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“Carol of the Bells” (also known as the “Ukrainian Bell Carol”) is a choral miniature work originally composed by the Ukrainian composer Mykola Dmytrovych Leontovych. Throughout the composition, Leontovych used a four note motif as an ostinato which was taken from an ancient pagan Ukrainian New Year’s chant known in Ukrainian as “Shchedryk” [the Generous One]. The composer created the piece as an assignment in the application for the use of an ostinato for a harmony course he was studying by correspondence. The original work was intended to be sung a cappella by mixed choir. Two other variants of the composition; one for woman’s choir and another for children’s choir with piano accompaniment were also created by the composer.
“The Carol of The Bells” was premiered on December 1916 by a choral group made up of students at Kiev University. It was introduced to Western audiences by the Ukrainian National Chorus during its concert tour of Europe and the Americas, where it premiered in the United States on October 5, 1921 at Carnegie Hall. It was later adapted into English language version by Peter Wilhousky in the 1930s. An alternate English version (“Ring, Christmas Bells”) featuring more Nativity-based lyrics, written by Minna Louise Hohman in 1947, is also widely performed. Still to this day it is sung world wide near New Year’s Eve and Christmas.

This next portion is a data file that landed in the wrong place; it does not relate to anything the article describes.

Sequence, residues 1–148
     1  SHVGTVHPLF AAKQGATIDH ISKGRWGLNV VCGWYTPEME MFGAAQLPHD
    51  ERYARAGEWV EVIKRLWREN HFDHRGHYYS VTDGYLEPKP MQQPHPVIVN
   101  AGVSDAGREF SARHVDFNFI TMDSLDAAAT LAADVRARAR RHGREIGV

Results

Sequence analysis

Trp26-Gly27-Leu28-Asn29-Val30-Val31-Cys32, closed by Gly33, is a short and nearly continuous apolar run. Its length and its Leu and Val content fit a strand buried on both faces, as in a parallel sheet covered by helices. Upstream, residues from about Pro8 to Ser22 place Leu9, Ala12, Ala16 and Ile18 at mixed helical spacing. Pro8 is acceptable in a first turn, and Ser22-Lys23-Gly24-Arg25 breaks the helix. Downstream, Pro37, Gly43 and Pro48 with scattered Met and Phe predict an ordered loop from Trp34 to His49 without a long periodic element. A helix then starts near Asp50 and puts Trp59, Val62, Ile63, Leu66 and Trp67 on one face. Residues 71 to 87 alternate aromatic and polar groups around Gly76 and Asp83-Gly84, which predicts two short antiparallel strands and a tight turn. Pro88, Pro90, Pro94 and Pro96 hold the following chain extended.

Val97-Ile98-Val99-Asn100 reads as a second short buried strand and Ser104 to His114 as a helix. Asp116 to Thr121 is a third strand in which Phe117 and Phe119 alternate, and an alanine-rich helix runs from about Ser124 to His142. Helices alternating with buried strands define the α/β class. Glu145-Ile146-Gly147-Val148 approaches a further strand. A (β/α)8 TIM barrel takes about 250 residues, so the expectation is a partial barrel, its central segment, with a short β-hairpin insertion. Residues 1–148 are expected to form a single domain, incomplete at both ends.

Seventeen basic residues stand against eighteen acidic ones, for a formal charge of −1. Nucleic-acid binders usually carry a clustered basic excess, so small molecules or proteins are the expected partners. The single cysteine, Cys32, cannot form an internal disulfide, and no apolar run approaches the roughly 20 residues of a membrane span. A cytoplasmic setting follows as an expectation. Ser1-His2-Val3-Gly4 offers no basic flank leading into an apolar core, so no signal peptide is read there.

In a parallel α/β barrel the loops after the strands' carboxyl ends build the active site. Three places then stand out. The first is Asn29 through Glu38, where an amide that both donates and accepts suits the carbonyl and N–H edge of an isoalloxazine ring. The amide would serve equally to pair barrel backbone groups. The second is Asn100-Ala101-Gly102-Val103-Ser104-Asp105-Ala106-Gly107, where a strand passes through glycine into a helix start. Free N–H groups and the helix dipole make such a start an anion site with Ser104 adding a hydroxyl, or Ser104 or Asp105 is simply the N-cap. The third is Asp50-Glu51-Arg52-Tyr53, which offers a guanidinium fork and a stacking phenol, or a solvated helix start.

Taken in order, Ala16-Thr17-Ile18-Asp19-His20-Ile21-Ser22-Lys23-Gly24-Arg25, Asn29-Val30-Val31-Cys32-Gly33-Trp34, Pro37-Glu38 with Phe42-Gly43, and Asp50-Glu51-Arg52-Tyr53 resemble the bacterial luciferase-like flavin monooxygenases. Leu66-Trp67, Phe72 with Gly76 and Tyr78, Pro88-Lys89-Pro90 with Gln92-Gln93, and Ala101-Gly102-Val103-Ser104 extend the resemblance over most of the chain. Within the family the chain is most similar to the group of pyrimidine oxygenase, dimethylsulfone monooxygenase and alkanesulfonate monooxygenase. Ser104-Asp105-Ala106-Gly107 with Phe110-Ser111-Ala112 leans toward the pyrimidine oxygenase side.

The song is based on a traditional folk chant whose language was thought to have magical properties, because of the manner in which it manipulated the number 3. The original traditional Ukrainian text used a device, known as hemiola, in the rhythm (alternating the accents within each measure from 3/4 to 6/8 and back again). This device however is lost in the English translations and rarely is used in non-Ukrainian performances. The ostinato motif, a repeated four-note pattern within the range of a minor third is thought to be of prehistoric origins with magical implications. It was associated with the coming New Year which, in pre-Christian Ukraine, was originally celebrated in April.
With the introduction of Christianity to Ukraine, the celebration of the New Year was moved from April to January, and the holiday the chant originally was associated with became the Feast of Epiphany (also known in Ukrainian as Shchedry vechir). The songs sung for this celebration are known as Schedrivky.